Thanks, Pseu, for thinking this through so elegantly and so eloquently. My own tendency is perhaps for whimsy rather than irony, and I’ve certainly learned to express that tendency more subtly over the years. Still, I think that those of us who spend any time thinking and writing about fashion for women of a certain age want to expand, rather than shrink, the possibilities for those women (ourselves!). And while I appreciate guidance about how to dress appropriately for my senior years (yikes! not an expression I’m ever going to love), I never want to be co-opted into making the circle smaller. A much-appreciated post and I thank you again.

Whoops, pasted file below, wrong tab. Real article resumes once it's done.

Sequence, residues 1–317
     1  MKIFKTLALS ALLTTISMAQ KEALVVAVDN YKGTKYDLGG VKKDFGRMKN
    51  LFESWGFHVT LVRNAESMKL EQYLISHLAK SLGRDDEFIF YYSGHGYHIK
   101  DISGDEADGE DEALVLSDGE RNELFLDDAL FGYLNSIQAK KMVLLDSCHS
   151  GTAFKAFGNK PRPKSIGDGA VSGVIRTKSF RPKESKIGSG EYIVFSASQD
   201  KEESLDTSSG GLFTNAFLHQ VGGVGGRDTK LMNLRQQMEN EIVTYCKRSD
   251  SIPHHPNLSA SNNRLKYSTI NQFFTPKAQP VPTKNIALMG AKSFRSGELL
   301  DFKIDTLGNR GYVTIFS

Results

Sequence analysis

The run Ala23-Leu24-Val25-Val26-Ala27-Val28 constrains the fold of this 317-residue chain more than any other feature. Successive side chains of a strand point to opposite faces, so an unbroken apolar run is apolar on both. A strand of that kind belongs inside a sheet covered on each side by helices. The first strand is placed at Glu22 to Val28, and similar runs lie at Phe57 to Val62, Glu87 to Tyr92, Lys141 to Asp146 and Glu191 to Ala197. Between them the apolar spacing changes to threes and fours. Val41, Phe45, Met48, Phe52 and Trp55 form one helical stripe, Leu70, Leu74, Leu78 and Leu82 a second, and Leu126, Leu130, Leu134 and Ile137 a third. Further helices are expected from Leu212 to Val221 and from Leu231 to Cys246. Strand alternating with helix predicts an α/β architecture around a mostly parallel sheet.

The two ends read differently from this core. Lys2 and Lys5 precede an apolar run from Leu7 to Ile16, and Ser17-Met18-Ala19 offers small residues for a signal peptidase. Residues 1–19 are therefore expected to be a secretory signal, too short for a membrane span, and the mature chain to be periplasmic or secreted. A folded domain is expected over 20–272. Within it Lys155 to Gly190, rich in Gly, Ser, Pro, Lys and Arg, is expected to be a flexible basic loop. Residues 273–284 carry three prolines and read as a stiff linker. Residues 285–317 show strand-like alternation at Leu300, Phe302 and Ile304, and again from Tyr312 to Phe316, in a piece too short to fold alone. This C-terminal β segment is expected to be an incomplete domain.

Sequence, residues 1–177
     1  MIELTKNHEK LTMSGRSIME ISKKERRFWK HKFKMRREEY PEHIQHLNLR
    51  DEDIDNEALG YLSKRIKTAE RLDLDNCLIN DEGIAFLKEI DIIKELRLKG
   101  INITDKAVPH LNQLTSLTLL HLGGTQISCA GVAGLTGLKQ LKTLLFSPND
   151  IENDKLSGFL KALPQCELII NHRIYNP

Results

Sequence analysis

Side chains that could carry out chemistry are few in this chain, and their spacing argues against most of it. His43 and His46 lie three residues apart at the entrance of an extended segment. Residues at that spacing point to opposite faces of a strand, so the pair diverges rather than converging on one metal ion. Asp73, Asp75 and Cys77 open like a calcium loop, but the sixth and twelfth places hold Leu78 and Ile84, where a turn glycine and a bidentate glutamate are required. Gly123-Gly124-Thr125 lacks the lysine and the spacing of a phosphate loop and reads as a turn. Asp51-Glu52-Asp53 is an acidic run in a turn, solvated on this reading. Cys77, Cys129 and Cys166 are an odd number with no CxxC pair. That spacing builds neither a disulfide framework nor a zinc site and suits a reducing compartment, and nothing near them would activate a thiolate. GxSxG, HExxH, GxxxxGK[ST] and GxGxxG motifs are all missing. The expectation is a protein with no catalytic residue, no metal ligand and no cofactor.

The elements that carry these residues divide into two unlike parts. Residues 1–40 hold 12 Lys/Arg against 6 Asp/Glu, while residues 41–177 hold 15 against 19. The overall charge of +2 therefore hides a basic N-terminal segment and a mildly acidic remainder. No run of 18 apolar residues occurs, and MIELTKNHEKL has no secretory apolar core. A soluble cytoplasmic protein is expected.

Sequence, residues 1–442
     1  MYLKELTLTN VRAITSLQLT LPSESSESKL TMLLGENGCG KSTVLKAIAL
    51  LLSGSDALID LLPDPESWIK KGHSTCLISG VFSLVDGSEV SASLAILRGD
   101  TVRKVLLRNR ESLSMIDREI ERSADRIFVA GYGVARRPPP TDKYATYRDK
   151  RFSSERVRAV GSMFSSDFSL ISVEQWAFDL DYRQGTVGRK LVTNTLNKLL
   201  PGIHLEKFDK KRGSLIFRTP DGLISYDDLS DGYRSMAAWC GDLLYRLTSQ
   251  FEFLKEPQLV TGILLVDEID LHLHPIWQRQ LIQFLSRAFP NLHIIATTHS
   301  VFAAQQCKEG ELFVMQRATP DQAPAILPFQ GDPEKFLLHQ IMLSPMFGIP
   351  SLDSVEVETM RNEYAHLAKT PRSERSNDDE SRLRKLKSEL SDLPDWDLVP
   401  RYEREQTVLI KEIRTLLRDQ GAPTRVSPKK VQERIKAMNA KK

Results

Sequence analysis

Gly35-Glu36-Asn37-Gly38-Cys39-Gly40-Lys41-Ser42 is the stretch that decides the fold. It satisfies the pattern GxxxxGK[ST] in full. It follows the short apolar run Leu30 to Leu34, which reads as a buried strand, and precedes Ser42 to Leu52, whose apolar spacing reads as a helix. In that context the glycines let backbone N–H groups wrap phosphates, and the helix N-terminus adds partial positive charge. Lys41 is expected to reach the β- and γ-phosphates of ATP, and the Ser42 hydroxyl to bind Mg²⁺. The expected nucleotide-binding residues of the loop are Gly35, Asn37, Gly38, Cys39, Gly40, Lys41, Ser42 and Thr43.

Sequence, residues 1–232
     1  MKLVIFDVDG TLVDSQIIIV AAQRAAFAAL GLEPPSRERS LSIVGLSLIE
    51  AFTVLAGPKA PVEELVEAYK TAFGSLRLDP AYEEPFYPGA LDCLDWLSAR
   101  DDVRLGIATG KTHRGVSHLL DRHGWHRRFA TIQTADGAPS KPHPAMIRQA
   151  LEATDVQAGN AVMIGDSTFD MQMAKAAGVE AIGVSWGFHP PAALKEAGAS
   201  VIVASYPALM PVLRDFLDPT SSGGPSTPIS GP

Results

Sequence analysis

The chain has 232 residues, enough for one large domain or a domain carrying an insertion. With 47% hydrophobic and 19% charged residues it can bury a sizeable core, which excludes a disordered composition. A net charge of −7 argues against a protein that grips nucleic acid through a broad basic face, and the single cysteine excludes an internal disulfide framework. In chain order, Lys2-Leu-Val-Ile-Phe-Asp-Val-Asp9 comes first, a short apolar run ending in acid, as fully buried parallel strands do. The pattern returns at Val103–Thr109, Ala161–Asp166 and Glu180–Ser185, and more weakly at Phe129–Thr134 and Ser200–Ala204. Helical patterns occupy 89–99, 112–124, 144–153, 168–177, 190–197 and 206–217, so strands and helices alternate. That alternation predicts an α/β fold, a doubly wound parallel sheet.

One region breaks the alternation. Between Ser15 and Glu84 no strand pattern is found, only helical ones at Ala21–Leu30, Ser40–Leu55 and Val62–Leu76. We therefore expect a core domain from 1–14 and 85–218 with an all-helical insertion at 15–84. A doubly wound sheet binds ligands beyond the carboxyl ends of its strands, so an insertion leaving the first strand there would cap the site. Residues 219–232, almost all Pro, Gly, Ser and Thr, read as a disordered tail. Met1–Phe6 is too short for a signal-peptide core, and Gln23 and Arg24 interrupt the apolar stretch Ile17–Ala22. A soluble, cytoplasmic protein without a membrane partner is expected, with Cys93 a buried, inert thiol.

6. July 6, 2009 / 2:29 pm

    I think you’ve targeted the 2 most important Don’ts: childishness and in your face dressing that’s like poking someone in the ribs, braying, Doncha get it!

    I just generally avoid anything that screams I’m so much cooler than you.

    And I’m influenced by the idea – don’t remember from where – that your clothes shouldn’t be relied on to say things – sometimes literally – that it’s your own job to say, should you care to

  7. July 6, 2009 / 4:13 pm

    I’m not a fan of Charla Krupp – I think it’s laughable that a barely-40 year old presumes to tell us how to dress. I agree with Duchesse, and I think by the time we’ve reached 50, we ought to have gotten over the need to push the envelope, and instead developed our own personal style. An element of humour such as an amusing pin or scarf adds some spice in a subtle way.

  8. July 6, 2009 / 4:47 pm